We used to be the tallest buildings in the city. Like the pack of true architecture that we belonged to, we stood together in a crowd. There were times when we wanted to look apart and there were buildings that were destined to stand apart. One of the dark buildings wore a pointed hat one day and soon after, his closest friends wore one too. A building just a block down started to wear a hat, but he looked terribly out of place trying to fit in with the three selected Best Buildings on the street. I stand next to them and I can feel their presence still looming over top of me. I am painted in white with hollow eyes and no curtains. When I look down, the street looks different now that the glass has taken over.
The glass started in the eighties, but once it appeared it never left. Giant structures made almost entirely of mirrors stood taller than we could ever hope to aspire to. They pushed the roads out and demanded that more people fill the streets. While I was never part of the hat wearing club, I had belonged to a part of the city that was elite in its own right. We ruled the popular streets and could watch as our citizens did their shopping. They bought from us what they needed and when they were finished, they settled in, making a home out of our personality and decorating us with their creature comforts.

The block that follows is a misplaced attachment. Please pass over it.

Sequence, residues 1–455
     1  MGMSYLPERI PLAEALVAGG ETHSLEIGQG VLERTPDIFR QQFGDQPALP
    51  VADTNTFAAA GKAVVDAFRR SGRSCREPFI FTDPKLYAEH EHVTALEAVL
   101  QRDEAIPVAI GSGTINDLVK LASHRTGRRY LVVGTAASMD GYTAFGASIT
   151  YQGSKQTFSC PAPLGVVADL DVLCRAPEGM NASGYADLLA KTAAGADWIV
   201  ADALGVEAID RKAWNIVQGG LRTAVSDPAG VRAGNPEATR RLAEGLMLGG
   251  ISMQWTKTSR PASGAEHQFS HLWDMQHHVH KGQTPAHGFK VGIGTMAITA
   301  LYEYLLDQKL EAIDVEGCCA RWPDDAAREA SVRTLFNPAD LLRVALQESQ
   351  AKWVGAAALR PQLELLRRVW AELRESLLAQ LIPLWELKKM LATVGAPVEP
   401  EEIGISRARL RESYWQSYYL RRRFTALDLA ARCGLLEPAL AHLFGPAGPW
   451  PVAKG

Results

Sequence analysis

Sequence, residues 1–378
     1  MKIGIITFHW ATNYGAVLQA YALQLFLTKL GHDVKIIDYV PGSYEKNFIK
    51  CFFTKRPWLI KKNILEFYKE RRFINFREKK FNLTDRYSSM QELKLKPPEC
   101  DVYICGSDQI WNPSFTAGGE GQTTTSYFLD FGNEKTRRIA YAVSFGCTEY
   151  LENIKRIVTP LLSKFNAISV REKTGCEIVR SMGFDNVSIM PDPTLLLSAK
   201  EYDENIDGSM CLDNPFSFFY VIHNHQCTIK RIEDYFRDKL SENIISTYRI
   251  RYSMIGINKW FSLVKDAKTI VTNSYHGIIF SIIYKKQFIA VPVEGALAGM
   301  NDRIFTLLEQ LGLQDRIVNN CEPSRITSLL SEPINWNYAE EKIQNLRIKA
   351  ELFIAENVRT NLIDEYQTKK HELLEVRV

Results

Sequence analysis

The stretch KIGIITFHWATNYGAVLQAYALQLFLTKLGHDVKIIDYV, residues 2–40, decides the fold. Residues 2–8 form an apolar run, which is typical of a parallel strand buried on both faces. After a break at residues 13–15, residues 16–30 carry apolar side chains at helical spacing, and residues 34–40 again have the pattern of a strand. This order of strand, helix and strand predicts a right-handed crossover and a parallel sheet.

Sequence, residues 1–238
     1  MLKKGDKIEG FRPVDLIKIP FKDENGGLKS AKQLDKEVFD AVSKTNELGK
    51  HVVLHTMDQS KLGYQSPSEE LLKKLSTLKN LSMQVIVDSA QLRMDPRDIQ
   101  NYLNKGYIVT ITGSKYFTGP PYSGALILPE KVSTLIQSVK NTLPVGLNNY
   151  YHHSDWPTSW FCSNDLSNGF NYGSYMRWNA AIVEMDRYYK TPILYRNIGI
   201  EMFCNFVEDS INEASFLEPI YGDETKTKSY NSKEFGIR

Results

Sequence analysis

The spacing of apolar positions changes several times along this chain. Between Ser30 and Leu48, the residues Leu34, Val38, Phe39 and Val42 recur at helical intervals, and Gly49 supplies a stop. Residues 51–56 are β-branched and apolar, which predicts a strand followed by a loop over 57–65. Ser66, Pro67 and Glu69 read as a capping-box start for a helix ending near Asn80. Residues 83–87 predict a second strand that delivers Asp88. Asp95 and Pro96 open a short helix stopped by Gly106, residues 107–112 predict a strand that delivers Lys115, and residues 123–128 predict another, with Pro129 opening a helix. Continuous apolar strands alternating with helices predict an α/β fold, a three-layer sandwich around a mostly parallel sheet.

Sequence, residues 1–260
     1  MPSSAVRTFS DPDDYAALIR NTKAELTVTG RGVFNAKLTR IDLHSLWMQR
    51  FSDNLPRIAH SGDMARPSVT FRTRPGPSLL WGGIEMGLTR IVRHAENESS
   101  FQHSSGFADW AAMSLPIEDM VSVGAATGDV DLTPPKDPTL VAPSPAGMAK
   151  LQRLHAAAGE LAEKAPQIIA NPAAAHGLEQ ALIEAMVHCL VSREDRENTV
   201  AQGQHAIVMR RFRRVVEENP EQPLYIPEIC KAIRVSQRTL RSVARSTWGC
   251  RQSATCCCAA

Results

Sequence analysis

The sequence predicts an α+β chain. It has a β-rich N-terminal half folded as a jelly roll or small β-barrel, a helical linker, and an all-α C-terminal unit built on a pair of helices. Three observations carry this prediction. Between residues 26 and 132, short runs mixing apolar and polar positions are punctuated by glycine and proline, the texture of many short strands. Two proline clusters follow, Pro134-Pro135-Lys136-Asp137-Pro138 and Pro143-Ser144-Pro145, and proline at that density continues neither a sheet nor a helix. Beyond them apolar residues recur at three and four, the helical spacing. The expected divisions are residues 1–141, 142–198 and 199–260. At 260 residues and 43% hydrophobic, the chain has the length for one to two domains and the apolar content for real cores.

Now those people have moved. No longer do the women in short trimmed skirts with matching blazers strut our streets in the early mornings. The business men with their brief cases and polished shoes have abandoned us. They have gone to the bigger structures. The glass castles in the sky have topped our hats farther than we could ever see.
“I wish you’d move over,” I said to the square building next to me.
“But then I’d be too close to The Hats,” the beige building said.
“They’re not so great anymore anyway. They can’t tell us where to lean,”
The beige building thought for a moment, daring to lean closer to the buildings with once so much prestige. “I can’t do it,” he finally said. “They will never move.”